7. Petra Nemcova again chose a song whose roots were in sadness. "You Raise Me Up" was all about offering hope after the disaster of the Thai tsunami, in which she lost her fiance. In an almost surreal juxtaposition to last week, Nemcova showed a remarkable fluidity of movement, offering elegance, and a peculiar confidence. When she was offered a score of 9 by the most grisly of judges, Len Goodman, Nemcova skipped into the air, as if she believed every word of her chosen song.

8. Sugar Ray Leonard wanted to prove he could beat the odds. His song was Bobby Brown's "My Prerogative," to which he had to perform the paso doble. His partner, Anna Trebunskaya, was angry with him during rehearsals. "Spread your legs," she ordered him. The real thing turned out to be a boxing-inspired paso doble, with Leonard beginning the dance wearing red pugilist's gloves. Regretfully, Leonard's dancing feet resembled boxer Chuck Wepner's rather more than Fred Astaire's. Somehow, he took the leg-spreading order a little too literally and, more often than not, he simply swiveled his torso in order to order his leg into the next position.

9. Kirstie Alley was another to tell a sad story - her mother's death in car accident, which happened at the same time as Alley was getting her big acting break. She wanted to show both the agony and the ecstasy in her rumba. Unfortunately, the agony is what most will recall. Alley rumbaed for but a couple of seconds, then tumbled (watch the video here). Her partner, Maksim Chmerkovskiy, fell first, grimacing in pain as he tried to get up to continue. Both he and Alley managed to regain their composure, with Alley again offering deceptive bodily fluidity. After the performance, Chmerkovskiy explained that his thigh had given out - or perhaps given in. If only they'd explained that the fall was part of the dance, they might have scored higher.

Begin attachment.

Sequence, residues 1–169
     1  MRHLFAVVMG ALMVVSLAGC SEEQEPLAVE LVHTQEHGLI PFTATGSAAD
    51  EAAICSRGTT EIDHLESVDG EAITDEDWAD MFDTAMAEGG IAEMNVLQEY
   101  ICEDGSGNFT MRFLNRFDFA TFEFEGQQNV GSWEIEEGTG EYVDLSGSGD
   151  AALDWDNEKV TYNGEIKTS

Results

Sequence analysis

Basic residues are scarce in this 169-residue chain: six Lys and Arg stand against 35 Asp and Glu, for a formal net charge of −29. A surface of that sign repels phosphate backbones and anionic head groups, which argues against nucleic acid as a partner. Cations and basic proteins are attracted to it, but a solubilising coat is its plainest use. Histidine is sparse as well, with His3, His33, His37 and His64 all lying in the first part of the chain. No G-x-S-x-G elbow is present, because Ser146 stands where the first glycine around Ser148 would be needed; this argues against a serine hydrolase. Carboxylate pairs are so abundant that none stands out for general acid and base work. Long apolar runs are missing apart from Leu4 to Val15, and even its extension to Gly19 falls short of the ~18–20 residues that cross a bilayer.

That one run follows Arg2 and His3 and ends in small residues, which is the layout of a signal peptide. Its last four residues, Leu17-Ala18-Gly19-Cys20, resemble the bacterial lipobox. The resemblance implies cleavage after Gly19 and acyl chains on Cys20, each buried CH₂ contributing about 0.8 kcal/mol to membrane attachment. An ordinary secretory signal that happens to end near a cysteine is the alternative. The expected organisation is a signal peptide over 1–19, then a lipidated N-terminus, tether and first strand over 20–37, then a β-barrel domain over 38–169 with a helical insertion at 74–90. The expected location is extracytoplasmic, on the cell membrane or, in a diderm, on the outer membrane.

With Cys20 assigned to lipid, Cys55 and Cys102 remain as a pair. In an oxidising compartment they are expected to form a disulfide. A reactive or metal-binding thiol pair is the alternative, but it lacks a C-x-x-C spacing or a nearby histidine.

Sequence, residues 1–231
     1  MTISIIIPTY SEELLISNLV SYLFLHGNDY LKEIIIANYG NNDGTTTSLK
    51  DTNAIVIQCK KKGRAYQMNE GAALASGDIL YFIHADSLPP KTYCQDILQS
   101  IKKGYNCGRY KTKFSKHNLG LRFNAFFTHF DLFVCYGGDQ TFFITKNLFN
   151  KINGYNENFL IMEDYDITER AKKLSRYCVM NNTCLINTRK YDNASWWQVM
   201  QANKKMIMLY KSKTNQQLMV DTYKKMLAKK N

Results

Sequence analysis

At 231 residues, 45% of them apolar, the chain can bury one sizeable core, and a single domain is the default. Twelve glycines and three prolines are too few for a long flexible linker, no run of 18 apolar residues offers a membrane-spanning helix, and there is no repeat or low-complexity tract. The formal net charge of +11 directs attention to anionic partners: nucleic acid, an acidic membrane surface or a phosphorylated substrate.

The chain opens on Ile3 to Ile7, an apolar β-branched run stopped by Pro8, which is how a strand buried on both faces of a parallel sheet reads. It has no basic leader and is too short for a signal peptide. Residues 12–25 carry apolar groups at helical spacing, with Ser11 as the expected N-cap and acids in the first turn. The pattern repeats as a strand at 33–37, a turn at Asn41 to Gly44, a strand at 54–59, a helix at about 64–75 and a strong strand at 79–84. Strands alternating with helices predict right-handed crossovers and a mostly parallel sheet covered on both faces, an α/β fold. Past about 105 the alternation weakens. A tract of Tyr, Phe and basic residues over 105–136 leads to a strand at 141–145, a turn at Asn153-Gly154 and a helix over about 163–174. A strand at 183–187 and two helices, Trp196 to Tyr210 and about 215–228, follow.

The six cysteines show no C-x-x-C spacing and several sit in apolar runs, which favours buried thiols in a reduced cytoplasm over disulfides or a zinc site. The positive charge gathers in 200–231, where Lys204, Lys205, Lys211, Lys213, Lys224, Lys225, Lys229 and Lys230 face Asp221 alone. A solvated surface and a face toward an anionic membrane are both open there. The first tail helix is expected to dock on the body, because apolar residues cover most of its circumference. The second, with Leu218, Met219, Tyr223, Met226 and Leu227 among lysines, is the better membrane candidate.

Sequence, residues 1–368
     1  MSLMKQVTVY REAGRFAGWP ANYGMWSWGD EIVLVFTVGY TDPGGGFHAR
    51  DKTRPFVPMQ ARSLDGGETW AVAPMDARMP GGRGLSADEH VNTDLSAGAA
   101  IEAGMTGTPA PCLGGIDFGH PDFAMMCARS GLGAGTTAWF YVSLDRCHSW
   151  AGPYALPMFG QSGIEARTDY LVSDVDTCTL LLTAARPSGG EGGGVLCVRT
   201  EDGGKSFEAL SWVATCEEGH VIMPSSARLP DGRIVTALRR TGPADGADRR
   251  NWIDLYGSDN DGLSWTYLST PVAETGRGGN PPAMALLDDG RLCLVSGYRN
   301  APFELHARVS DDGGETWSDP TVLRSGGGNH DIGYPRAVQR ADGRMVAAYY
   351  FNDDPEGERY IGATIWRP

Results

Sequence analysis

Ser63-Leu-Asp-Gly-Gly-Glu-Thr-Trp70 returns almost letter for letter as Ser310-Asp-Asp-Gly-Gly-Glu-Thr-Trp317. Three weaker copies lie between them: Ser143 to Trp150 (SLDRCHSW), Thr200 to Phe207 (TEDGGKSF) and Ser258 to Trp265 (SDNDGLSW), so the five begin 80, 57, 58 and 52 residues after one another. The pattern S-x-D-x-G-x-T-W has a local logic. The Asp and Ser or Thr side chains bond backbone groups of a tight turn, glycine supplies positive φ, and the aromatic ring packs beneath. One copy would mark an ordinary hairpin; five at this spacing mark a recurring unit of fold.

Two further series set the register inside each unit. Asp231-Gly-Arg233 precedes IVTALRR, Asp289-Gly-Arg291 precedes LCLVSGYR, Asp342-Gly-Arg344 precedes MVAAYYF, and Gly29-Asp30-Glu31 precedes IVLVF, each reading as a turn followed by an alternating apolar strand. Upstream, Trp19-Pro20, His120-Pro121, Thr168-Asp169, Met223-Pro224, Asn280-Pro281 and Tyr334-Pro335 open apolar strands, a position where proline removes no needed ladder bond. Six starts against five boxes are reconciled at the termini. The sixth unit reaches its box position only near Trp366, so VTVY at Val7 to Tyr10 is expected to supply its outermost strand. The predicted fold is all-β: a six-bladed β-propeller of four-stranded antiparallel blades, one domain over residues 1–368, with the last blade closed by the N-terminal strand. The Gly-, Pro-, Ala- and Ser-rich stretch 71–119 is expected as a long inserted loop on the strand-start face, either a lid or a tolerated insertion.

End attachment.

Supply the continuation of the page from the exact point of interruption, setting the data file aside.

10. Ralph Macchio has, perhaps, been the revelation of this competition. Yet his rumba, while pleasant, offered a dearth of hip action and curiously resembled the stretching movements of athletes in the very early Greek Olympics. Some might feel the judges were a little harsh on Macchio. But this was just a little too stilted to be winning.

TOP THREE: Hines Ward, Chelsea Kane, Petra Nemcova
BOTTOM THREE: Wendy Williams, Sugar Ray Leonard, Romeo

Be sure to check back here tomorrow for elimination results.

  • Chris Matyszczyk

    Chris has been a multi award-winning executive creative director with some of the most celebrated advertising agencies in the world. His creative work has been recognized at the Cannes Advertising Festival, the New York Festivals, Clio, the One Show, as well as many other festivals around the world. His writing has appeared in such publications as the Financial Times, the European, the Sacramento Bee and The Singapore Press Holdings Group.

    He currently advises major global companies about content creation and marketing, through his company Howard Raucous LLC.

    He brings an irreverent, sarcastic, and sometimes ironic voice to the tech world.